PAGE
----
Legalization in New York always seems to run out of time.
Governor Andrew Cuomo’s effort to legalize cannabis through the budget ran out the clock in April. And yesterday, as the last day of the session drew to a close, so too did lawmakers’ efforts to legalize by legislature. And while Democrats control both chambers, the Senate never had enough votes to pass the bill.
“I said from the beginning of this session that I believed marijuana legalization had the best chance of being passed in this year’s budget. Today, the Senate confirmed that it does not have the votes to move forward with legalization,” Cuomo said in a statement.
Assembly Majority Leader Crystal Peoples-Stokes was one of the most vocal supporters of legalization, and pushed particularly hard for guaranteed equity provisions for individuals and communities disproportionately affected by the enforcement of cannabis laws.
“We only get to legalize adult-use one time and we have to get it done right the first time. Unfortunately, an agreement could not be reached,” Peoples-Stokes said in a statement to Cannabis Wire, adding that she now aims to give some “hope and relief” to her constituency by passing expungement legislation.
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While legalization failed this year, the discussion and debate along the way significantly shifted the conversation, and has brought adult use sales in the state several steps closer to reality.
“The fight for full marijuana justice is not over. Over the past year, the consciousness and awareness has been raised among many New Yorkers and elected leaders across the State. I believe my efforts to get the Marijuana Regulation and Taxation Act done will continue to gain support,” Peoples-Stokes continued.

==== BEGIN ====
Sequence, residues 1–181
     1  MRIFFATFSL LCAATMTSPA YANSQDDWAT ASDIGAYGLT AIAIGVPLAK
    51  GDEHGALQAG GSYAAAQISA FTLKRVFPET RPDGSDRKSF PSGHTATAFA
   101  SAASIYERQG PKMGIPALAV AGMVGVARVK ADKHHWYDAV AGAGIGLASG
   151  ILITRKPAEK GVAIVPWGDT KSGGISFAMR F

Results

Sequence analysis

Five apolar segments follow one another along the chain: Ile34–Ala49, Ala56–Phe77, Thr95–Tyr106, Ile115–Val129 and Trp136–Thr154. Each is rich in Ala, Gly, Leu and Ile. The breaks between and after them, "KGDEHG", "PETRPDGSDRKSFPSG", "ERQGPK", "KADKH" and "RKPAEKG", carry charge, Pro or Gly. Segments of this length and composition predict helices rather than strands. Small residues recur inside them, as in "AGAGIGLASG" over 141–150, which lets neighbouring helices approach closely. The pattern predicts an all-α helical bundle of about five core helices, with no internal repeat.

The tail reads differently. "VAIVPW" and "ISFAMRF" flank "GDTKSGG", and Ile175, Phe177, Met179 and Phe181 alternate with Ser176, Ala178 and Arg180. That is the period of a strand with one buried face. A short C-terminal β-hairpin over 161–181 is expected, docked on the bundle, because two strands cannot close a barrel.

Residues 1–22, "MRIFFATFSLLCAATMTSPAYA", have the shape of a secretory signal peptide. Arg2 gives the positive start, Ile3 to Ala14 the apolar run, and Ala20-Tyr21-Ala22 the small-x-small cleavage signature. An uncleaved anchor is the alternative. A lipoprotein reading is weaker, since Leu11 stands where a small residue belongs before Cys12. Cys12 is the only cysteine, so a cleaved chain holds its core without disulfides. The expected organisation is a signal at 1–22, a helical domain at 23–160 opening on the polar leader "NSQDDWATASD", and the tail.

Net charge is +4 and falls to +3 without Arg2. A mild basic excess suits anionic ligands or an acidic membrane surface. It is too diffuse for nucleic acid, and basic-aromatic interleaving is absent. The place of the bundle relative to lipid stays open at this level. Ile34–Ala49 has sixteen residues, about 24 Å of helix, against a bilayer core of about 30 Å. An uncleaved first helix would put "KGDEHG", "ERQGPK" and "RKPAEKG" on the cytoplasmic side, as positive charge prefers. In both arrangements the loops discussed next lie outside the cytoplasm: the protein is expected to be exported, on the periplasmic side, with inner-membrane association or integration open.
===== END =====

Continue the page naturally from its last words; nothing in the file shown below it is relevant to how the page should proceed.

Sen. Liz Krueger echoed a similar sentiment after the legalization bill sputtered to defeat Wednesday. “It is clear now that MRTA is not going to pass this session. This is not the end of the road, it is only a delay. Unfortunately, that delay means countless more New Yorkers will have their lives up-ended by unnecessary and racially disparate enforcement measures before we inevitably legalize,” Krueger said in a statement.
“Through months of negotiation and conversation with the Governor’s office and my legislative colleagues, we made great strides to improve our bill and bring more people on board. We came very close to crossing the finish line, but we ran out of time.”
Registered operators in New York’s medical cannabis industry expressed mixed reactions to the failure to legalize this session, but shared hope for future reforms.
“We are disappointed,” Howard Schacter, vice president of communications for Acreage Holdings, told Cannabis Wire. “But we’re proud to have stood arm in arm with advocates, labor, and patients to fight for what’s right. We applaud Liz Krueger, Crystal Peoples Stokes and other champions for all their efforts and those to come in building the best adult-use and medical cannabis program for New Yorkers.”
Etain’s chief operating officer Hillary Peckham told Cannabis Wire that, for their company, “it made sense to address all aspects and programs regarding cannabis under one comprehensive bill: legalization, medical, hemp and decriminalization.” She hopes that “expansion of the medical program will continue to be a priority for the legislature,” and that “they don’t give up on the concept of creating a central Office of Cannabis Management that could serve as a central regulating body for any cannabis programs.”
Michelle Bodner, the regional manager of Curaleaf in New York and Florida, also told Cannabis Wire she was let down by the failed effort, but “optimistic” that lawmakers would “help patients by lowering costs and improving access to medical cannabis.”
So now what? Even with adult use off the table, there is hope, as these cannabis businesses and lawmakers have expressed, for action on legislation that addresses things like decriminalization and medical cannabis program expansion. In a conversation with Cannabis Wire earlier this month, Assemblywoman Donna Lupardo said she was ready with standalone legislation to regulate CBD, should this broader effort fail.
Cuomo specifically indicated in his statement that he was prepared to streamline the process to pass, at least, decriminalization.
“I understand the desire to end session today as planned, and will give the legislature a message of necessity to expedite passage if required. This legislative proposal is not new,” Cuomo said.